7. The athletic parameter measurement system of claim 5, wherein each of the plurality of athletic parameter measurement devices is further configured to transmit the at least one metric and the identification to the computing device in real-time.
8. The athletic parameter measurement system of claim 5, wherein the first processor is configured to display, on the first display, a second representation of the at least one metric received from a first athletic parameter measurement device of the plurality of athletic parameter measurement devices.
9. The athletic parameter measurement system of claim 8, wherein the first processor is further configured to display, on the first display, an image of the corresponding athlete associated with the first athletic parameter measurement device.
10. The athletic parameter measurement system of claim 9, wherein the image of the corresponding athlete and the second representation of the at least one metric are displayed in real time.
11. The athletic parameter measurement system of claim 9, wherein the image of the corresponding athlete is associated in the first display with the second representation of the at least one metric by overlaying the second representation of the at least one metric on the image of the corresponding athlete.
12. The athletic parameter measurement system of claim 5, wherein the first processor is configured to display, on the first display, a second representation of the at least one metric received from each of the plurality of athletic parameter measurement devices.
13. The athletic parameter measurement system of claim 12, wherein the first processor is further configured to display, on the first display, images of the corresponding athletes associated with each of the plurality of athletic parameter measurement devices.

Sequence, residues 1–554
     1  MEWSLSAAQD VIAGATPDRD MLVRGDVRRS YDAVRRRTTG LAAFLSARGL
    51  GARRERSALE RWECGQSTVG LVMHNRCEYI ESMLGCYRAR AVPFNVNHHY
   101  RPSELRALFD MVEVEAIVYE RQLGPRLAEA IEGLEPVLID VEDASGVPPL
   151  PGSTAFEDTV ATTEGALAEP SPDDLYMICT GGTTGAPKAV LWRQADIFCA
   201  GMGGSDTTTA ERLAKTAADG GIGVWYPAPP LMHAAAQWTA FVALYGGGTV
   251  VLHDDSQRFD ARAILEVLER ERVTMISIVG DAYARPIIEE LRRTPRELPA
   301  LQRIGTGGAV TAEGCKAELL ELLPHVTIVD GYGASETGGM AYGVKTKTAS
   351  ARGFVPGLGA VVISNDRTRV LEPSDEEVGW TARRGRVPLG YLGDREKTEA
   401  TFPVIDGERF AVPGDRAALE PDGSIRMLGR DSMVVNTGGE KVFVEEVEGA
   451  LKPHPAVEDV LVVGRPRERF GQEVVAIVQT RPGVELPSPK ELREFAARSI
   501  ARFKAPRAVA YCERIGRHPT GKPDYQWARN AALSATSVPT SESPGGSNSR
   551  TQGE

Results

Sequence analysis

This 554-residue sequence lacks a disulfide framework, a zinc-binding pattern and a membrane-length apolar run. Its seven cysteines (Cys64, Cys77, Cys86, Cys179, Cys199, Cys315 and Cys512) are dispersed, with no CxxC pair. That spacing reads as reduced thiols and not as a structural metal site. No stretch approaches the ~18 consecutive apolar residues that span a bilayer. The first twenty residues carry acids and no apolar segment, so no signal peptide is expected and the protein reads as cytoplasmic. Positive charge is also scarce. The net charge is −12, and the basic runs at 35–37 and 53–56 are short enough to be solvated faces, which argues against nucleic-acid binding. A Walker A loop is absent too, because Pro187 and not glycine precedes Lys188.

Descripción
CROSS-REFERENCE TO RELATED APPLICATION

This application is a divisional of U.S. patent application Ser. No. 14/722,695, filed May 27, 2015, which is a continuation of U.S. patent application Ser. No. 14/478,203, filed Sep. 5, 2014, now U.S. Pat. No. 9,389,057, which is a continuation of U.S. patent application Ser. No. 13/293,653, filed Nov. 10, 2011, now U.S. Pat. No. 8,831,407, which claims the benefit of U.S. Provisional Application No. 61/412,285, filed Nov. 10, 2010, the contents of which are incorporated herein in their entirety for any and all non-limiting purposes.

TECHNICAL FIELD

The invention relates generally to recordation and visualization of athletic activity. In particular, aspects described herein relate to time-based recordation and review of athletic activity and time-specific metrics associated therewith.

BACKGROUND

Exercise and fitness have become increasingly popular and the benefits from such activities are well known. Various types of technology have been incorporated into fitness and other athletic activities. For example, a wide variety of portable electronic devices are available for use in fitness activity such as MP3 or other audio players, radios, portable televisions, DVD players, or other video playing devices, watches, GPS systems, pedometers, mobile telephones, pagers, beepers, etc. Many fitness enthusiasts or athletes use one or more of these devices when exercising or training to keep them entertained, provide performance data or to keep them in contact with others, etc. Such users have also demonstrated an interest in recording their athletic activities and metrics associated therewith. Accordingly, various sensors may be used to detect, store and/or transmit athletic performance information. Oftentimes, however, athletic performance information is presented in a vacuum or based on the overall athletic activity. Athletic performance data might not be readily available for a particular period or instance of time during the athletic activity session. As such, users might not be able to identify specific times or time periods within their workout or other athletic activity that certain metrics or performance statistics were achieved.

A full discussion of the features and advantages of the present invention is referred to in the following detailed description, which proceeds with reference to the accompanying drawings.

SUMMARY